Prevent Injuries By Stretching
A lack of flexibility could be the cause or a major contributing factor of many injuries and the solution to this is proper and regular stretching.
Stretching counters the gradual tightening and constriction your body develop from both under- and over-use. It really is the perfect solution for long periods where you are inactive and is probably about the simplest and easiest of all physical activities.
With regular stretching you will:
- Decrease muscle tension, which is the most common cause of back and neck pains and headaches.
- Decrease the incidence of all types of injuries, from joint sprains to tendonitis to muscle strains and spasms.
- Speed up the recovery rate from injuries.
- Increase physical and mental relaxation.
- Improve performance of any skilled movement.
- Improve and increase body awareness.
- Slow the aging process.
- Enhance the neurological system.
- Improve circulation.
- Support the detox system.
Don’t stretch an area if you:
- Recently broke a bone.
- Have an infection or inflammation in or around a joint involved with the stretch.
- Experience sharp or acute pain with stretching or joint movements.
- Recently had a sprain or strain in the area being stretched.
- Have an unstable joint in the area.
- Have osteoporosis.
- Have any disease that needs medical approval before undertaking any new activity.
How to stretch and important things to consider;
- Warm Up FirstSome people believe that it’s better to stretch right before your workout. Not true! The fact is that the best time to stretch is after you’ve had a light warm up. Injuries occur when your muscles are cold. Another thing is that after a light warm up or workout—think jumping jacks here— you’ll be able to accomplish a far better stretching session than when the blood hasn’t really started flowing.
- Breathe ProperlyProper breathing is important in any physical activity, and flexibility training is no different. While stretching it’s important to breathe slowly. In through the nose, hold for a moment, and then exhale through the mouth in order to get the most out of stretching. Proper breathing helps to relax the body, increase blood flow, and even serves to remove some lactic acid build up after workouts.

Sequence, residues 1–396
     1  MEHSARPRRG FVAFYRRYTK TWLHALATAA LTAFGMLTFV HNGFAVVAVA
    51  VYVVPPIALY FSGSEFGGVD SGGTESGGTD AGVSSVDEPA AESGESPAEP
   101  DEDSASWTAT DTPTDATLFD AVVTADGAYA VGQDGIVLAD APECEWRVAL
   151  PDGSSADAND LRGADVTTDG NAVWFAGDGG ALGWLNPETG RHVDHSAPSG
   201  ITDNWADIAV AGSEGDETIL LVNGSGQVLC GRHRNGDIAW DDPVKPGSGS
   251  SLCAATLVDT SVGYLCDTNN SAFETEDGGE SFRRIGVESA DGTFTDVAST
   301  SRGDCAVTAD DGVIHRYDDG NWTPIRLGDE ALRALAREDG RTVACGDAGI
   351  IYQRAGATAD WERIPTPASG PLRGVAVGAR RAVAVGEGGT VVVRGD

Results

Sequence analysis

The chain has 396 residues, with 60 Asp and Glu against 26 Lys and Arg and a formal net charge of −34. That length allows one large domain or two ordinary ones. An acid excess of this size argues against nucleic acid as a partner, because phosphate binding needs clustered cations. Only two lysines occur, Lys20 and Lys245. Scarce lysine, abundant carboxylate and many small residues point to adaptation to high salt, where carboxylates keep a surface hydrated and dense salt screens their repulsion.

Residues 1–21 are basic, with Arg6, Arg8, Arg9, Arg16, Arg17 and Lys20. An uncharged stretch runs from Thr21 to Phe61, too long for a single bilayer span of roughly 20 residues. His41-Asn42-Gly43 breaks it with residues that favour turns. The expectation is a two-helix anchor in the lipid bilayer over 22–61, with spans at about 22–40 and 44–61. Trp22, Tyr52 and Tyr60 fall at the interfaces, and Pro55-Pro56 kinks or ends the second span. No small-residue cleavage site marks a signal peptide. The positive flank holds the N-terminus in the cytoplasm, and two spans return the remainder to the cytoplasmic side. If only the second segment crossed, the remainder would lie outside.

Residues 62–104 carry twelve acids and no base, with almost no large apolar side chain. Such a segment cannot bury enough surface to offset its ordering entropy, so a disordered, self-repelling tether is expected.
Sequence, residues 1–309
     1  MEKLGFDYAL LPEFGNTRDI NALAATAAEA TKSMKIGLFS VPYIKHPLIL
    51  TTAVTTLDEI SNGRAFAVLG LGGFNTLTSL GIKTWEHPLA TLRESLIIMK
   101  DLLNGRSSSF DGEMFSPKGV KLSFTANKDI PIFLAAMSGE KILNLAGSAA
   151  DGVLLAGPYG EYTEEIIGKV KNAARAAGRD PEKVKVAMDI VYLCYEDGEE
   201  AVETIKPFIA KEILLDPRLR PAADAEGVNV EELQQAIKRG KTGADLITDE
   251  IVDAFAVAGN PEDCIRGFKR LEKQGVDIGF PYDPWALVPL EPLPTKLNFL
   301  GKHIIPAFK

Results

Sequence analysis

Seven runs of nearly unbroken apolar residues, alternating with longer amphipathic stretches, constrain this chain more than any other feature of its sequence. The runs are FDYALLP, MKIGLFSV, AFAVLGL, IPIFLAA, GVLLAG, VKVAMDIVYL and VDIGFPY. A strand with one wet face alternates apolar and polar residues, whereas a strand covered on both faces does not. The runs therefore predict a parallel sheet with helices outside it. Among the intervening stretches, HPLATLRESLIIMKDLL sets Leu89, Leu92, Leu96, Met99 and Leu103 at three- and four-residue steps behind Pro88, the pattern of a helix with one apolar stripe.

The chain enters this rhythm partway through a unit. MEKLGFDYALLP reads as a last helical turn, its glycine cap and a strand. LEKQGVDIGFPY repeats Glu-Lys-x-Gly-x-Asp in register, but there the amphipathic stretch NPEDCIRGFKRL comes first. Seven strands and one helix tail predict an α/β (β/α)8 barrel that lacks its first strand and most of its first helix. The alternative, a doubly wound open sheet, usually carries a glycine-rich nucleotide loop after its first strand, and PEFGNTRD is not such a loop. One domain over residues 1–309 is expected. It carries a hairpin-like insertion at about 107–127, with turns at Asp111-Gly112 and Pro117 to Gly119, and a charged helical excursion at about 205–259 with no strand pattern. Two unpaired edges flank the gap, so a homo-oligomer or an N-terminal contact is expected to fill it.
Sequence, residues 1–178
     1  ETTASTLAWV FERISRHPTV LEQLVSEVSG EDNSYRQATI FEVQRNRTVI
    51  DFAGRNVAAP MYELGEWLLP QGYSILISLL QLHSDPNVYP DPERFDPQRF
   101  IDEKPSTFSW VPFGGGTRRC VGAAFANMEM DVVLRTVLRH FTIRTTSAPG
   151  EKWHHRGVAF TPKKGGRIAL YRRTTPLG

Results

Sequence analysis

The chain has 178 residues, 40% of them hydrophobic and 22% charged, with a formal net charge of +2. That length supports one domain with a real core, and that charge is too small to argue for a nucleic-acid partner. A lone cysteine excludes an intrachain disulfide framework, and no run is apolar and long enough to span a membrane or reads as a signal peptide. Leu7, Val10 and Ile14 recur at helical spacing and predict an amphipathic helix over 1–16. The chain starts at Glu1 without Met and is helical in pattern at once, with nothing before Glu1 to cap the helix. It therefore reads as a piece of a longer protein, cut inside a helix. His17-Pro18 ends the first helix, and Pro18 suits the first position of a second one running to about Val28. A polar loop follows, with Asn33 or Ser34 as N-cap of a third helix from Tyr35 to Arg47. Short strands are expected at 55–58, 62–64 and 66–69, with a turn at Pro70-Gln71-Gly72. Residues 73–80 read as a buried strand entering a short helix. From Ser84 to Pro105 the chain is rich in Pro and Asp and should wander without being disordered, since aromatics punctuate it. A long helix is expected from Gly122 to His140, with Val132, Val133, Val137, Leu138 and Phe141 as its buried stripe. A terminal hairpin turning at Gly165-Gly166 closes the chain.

During most forms of stretching, practitioners should hold the stretch until they exhale, at which point they may increase or make the stretch more strenuous, if appropriate.
- Stretch Consistently and RegularlyAs with anything else in this world, if you want to see improvements you need to be consistent. Stretching is something that you should do four to six days per week. That said, each day shouldn’t encompass a rigorous flexibility routine: doing so could cause injury. Still, make sure that your rigorous flexibility routines fall on the same day(s) every week.
Also make sure that you’re pretty consistent with the stretches you engage in. Generally, each stretch should last at least 20 seconds in duration.
- Increase Strength and Flexibility TogetherWhen increasing flexibility it’s always a good idea to increase strength in the area being you’re stretching. For example, if you want to increase the flexibility of your legs, make sure that you’re also doing something to increase strength there.
- Consider Mixing Stretching Within a WorkoutAs was noted earlier, stretching before warming up isn’t a great idea. You’ll get a better stretch if it’s done after the muscles are warm. You can perform some light stretching in between sets when working out, and don’t be afraid to try static stretching after a workout in order to relax.
- Stretching Cautions
- Always check with your doctor before attempting any flexibility or training routine.
- Stretching may cause a mild sensation or burning in muscles. It should not cause outright pain in your joints or muscles. If it does, stop and see a doctor.
- Always stay hydrated when working out or stretching.
- Depending on the type of stretch, you may be tightening your muscles during flexibility routines. Do not bounce, however.
- Never begin stretching right after you wake up. You’re not warmed up enough yet.